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Papa's got a brand new choir 

The Godfather of Soul has gone to Glory

James Brown came to my neighborhood once.

I was about 11 years old, born and raised in the good ol' city of Augusta, Ga. One of my friends from down the street ran to my house, where I was playing in the yard.

"I just saw James Brown!" he exclaimed, out of breath from the run.

"No, you didn't," I replied.

"Yes, I did! We even got pictures!"

"Oh yeah? Where's he at?"

"Down the street," he insisted. "Over on Beacon Hill."

Then he ran back. I wish I could say I followed him -- since I only had to run a block to meet the Godfather of Soul. But I didn't.

Almost a month has passed since James Brown's death on Dec. 25.

Judging from the soulful responses of fans aired on BET's specials "Soul Brother #1: Remembering James Brown" and "The Godfather Of Soul: Celebrating the Life of James Brown," it's obvious the passing of "Mr. Dynamite" has made a great impact. This was an artist whose music and flavor shaped all genres, including funk, hip-hop, R&B, pop, disco and electronic dance music. Michael Jackson, Prince and even Justin Timberlake (amongst countless other artists) -- all have tasted the influences of James Brown. He was revered without a doubt.

Revered everywhere except his hometown, that is.

Fifty years ago, Brown's single "Please, Please, Please" sold a million copies and made it to the #5 spot on Billboard's Top R&B Singles chart. Throughout the 1960s and '70s, a multitude of songs like "Papa's Got a Brand New Bag," "Say it Loud -- I'm Black and I'm Proud," and "Get Up Offa That Thing" were culture-shaking hits. And yet, it's only recently that the city of Augusta has tried to embrace one of its few gateways to worldwide recognition.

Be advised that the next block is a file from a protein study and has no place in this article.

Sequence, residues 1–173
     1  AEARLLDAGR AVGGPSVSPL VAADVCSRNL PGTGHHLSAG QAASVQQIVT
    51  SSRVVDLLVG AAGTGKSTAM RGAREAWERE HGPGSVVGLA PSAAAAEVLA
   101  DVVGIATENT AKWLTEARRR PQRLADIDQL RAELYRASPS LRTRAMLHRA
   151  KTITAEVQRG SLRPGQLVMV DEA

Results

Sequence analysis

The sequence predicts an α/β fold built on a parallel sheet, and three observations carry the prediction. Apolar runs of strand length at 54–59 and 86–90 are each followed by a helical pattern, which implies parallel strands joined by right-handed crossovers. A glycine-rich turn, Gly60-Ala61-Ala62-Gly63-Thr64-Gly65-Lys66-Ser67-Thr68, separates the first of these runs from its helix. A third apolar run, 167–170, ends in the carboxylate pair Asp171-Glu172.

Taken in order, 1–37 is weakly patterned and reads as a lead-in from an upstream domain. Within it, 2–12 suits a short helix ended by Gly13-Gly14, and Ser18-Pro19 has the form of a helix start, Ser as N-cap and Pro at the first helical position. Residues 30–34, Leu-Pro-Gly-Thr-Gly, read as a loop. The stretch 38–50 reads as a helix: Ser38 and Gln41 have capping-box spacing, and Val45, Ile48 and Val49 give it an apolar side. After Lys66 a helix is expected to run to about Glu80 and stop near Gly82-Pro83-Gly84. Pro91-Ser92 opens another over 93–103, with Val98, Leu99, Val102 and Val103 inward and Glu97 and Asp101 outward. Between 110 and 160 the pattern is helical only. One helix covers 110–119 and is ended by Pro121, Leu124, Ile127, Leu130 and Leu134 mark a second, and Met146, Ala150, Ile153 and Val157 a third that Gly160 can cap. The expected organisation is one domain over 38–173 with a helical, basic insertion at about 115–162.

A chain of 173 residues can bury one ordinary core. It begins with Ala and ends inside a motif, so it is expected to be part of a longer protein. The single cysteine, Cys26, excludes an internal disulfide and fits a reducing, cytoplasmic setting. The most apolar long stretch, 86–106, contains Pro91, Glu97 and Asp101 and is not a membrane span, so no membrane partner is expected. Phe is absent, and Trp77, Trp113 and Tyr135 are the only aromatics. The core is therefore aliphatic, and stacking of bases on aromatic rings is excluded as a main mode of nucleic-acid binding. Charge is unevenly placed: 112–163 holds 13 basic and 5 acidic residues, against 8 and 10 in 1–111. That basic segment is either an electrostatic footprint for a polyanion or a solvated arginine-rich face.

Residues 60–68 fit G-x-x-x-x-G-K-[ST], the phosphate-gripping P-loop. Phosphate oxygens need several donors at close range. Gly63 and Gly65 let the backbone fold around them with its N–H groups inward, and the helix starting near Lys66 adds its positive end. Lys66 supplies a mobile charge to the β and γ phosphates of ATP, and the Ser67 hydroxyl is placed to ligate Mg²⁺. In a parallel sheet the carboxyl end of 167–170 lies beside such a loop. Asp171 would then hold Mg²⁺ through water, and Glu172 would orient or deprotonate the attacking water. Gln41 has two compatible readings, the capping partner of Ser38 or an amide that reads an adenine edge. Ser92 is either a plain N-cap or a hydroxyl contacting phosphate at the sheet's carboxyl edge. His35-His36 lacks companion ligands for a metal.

It wasn't until 1993 that a street in downtown Augusta was renamed James Brown Boulevard.

His slightly larger-than-life bronze statue wasn't unveiled until May 2005. Even then, it had to be removed for a little over a month when people complained that it should have been placed on a pedestal like the other statues in the downtown area. That was finally taken care of last July.

And how fitting it was to hold a public funeral in Augusta for the Godfather in the arena named for him. As I recall, though, my college graduation, held in the very same place a mere eight months ago, happened in the Augusta-Richmond County Civic Center. The city's largest entertainment venue wasn't renamed the James Brown Arena until Aug. 22.

Readers' comments on the Augusta Chronicle Web site complained about the $48,000 cost of the funeral the city had paid for. A funeral that honored "The Hardest Working Man in Show Business," whose fame brought him the world even while he remained loyal to his hometown. A funeral that attracted the ever-wandering eye of the international world.

I'm ashamed to admit that I, too, was one of those Augustans who never really gave a second thought to the kind of weight Brown carried. He was the Godfather of Soul, yes, but he was also someone who grew up in Augusta (better known to my generation as Disgusta). Without a second glance, I've walked countless times past the bronze statue that many have only seen pictures of. I've never even posed next to it for a picture.

With James Brown's passing, though, my sleepy eyes have been splashed with cold water, and I can see clearly now. The world has lost a great man.

In the words of a pretty wise guy named Jesus, "Only in his hometown and in his own home is a prophet without honor." How sad but true. It took death by heart failure at the age of 73 for James Brown to be truly honored in the one place he never turned his back on.

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